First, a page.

Nevada Gaming Control Board Issues Memo
Casinos remain closed throughout the state of Nevada, and the lights on the Las Vegas strip remain off. The Nevada Gaming Control Board recently sent out a memo to casinos on a plan to reopen, but also stated that there is no set time for this to happen. That decision ultimately is up to Governor Steve Sisolak, and it appears that he is not even close to allowing that to happen.
The memo sent out to casinos was six pages long and outlined a set of procedures that would need to be followed when they were allowed to reopen. Not only did the Nevada Gaming Control Board discuss opening casinos in sections, but it also talked about what should be done with furloughed or fired employees.
The casino industry in Nevada has some very strict and serious rules and regulations in place for both employees and executives, and the Nevada Gaming Control Board is going to loosen these restrictions upon reopening. Casinos can register former employees that lost their jobs due to the coronavirus pandemic, and they can get back to work immediately.
Normally, this registration process takes several weeks to complete, but the Nevada Gaming Control Board is willing to let these employees get back to work. Employees that are returning to work will be eligible to work for up to 30 days while they work to renew their licenses. A license is needed for everyone that works in the casinos in Nevada and throughout the country.
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There are 18 points included in this memo highlighting several different topics, but they essentially serve as a list of requirements for casinos that are wanting to reopen. Each casino can come up with their own reopening plan, but these plans must be submitted to the Nevada Gaming Control Board at least seven days in advance of reopening the doors.
That’s Not All
The Nevada Gaming Control Board also noted that these 18 points were not a complete list, and casinos will need to come up with plans that meet the needs of their business. It is expected that some casinos will open up portions of their casino floor to follow social distancing guidelines. Buffet style restaurants that are often found in casinos will likely need to be closed for a longer period than slot machines.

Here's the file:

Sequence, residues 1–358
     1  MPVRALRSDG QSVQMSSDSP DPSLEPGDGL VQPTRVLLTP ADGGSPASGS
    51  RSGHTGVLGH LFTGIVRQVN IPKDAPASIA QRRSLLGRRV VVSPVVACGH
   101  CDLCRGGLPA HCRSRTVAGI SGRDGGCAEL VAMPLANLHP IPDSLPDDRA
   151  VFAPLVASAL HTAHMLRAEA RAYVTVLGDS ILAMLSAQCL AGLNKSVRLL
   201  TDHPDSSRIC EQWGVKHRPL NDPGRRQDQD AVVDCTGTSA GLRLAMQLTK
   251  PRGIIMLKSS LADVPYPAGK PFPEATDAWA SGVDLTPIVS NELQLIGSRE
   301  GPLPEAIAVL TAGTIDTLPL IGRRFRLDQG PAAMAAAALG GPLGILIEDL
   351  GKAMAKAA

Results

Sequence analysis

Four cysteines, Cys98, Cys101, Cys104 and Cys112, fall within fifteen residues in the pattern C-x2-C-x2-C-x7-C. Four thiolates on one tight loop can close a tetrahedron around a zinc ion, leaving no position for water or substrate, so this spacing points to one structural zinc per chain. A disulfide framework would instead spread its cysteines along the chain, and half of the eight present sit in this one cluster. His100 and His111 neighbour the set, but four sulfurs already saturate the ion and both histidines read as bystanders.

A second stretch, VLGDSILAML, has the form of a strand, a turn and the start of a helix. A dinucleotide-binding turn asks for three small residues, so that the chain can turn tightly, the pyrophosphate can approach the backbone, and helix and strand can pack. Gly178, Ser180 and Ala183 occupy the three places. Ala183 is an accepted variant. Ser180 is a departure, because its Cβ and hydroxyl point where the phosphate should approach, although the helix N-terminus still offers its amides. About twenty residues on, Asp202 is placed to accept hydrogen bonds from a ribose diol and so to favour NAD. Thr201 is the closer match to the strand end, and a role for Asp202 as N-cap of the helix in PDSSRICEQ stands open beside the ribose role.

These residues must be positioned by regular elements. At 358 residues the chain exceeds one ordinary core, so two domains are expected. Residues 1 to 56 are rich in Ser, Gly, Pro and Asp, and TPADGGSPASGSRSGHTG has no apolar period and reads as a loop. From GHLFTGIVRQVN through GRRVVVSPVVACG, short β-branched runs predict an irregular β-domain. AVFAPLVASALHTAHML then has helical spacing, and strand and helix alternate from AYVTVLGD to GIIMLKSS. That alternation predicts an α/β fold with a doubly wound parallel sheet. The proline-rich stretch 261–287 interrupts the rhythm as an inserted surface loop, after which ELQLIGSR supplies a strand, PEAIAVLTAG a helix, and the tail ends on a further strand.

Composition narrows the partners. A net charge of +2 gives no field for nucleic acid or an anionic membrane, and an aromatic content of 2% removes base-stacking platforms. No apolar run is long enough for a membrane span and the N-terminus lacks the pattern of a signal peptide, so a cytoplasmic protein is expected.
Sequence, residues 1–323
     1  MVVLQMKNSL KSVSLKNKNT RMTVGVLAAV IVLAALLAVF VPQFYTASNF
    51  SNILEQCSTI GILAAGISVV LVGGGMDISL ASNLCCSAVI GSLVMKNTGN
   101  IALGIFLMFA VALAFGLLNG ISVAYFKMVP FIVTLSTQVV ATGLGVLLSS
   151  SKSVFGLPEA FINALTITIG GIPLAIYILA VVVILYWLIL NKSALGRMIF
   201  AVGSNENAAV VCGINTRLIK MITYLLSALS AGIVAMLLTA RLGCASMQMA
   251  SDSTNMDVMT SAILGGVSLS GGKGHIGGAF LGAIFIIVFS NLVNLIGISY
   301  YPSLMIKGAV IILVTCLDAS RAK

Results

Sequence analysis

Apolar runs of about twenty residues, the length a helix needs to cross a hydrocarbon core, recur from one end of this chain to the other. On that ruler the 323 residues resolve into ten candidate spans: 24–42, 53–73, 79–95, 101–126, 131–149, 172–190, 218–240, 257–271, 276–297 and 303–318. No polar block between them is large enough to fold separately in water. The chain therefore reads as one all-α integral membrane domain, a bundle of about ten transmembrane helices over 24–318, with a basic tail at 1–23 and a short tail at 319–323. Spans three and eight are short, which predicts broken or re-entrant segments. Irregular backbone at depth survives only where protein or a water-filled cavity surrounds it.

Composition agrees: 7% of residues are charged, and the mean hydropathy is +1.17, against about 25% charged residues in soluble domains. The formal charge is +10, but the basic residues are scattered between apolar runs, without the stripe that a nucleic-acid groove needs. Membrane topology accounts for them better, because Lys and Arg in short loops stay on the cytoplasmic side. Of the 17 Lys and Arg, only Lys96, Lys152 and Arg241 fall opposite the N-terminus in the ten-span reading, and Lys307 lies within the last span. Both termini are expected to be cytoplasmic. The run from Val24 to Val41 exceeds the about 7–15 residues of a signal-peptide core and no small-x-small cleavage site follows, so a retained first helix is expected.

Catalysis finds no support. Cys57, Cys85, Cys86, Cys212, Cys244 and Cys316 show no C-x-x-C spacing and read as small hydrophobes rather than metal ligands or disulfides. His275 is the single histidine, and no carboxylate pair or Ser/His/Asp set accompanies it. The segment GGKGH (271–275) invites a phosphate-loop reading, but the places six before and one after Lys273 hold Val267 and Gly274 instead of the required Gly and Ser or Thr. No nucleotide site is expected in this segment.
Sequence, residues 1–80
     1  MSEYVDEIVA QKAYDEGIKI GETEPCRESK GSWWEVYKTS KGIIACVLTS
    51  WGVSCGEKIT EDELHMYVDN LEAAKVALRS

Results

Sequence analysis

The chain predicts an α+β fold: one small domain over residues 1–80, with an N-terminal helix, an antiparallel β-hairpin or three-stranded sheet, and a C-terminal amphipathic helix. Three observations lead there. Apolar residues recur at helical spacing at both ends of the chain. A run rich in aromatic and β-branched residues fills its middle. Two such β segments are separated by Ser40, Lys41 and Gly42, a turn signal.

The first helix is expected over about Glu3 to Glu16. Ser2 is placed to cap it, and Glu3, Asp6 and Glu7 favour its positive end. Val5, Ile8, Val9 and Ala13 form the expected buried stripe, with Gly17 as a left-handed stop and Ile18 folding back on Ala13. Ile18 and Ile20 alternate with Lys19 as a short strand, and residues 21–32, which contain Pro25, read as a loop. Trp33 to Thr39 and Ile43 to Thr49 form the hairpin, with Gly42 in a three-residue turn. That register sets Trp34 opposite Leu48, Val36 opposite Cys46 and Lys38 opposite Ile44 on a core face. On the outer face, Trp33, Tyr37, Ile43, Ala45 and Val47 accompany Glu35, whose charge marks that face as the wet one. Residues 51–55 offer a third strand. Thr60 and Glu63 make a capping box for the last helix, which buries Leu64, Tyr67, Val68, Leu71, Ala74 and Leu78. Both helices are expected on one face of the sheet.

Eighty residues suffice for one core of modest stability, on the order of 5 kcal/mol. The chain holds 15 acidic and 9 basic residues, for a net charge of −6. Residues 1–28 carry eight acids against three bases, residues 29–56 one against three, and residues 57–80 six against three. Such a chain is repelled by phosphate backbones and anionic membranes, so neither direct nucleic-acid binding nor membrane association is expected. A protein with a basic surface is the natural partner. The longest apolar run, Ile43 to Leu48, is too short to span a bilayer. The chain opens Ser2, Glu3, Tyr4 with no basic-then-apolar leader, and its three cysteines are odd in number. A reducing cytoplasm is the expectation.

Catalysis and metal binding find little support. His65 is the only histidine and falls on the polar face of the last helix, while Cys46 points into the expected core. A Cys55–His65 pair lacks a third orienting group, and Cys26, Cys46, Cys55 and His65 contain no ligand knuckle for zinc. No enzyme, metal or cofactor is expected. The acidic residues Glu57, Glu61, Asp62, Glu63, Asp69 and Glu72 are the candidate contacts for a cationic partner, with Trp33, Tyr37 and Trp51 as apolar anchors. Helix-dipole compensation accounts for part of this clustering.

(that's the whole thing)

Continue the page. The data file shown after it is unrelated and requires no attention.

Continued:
Casinos will also have their cash on hand requirements waived for the first week after the mandated closures are lifted. This will give each location a chance to establish some profit and get everything up and running before following the normal guidelines and protocols.
Almost all of the casinos in Las Vegas shut their doors before they were forced by the governor, and most of them have continued to pay their employees through the closure. The first closure was announced on March 17 and was supposed to last 30 days. That has now been extended through April and will likely continue into May.
Governor Sisolak spoke to reporters on Wednesday and stated that the state was still not in a position to reopen the casino industry. Las Vegas mayor Carolyn Goodman has taken an opposite stance on the issue, and she has urged the governor to let casinos open up their doors.
Goodman went as far as stating that Vegas should be a test subject for the rest of the country. By allowing the casino industry to open back up, Las Vegas could provide data to health officials about the results of the coronavirus pandemic and its effects. Governor Sisolak is worried that tourists will flock to the city and will cause a huge spike in confirmed cases.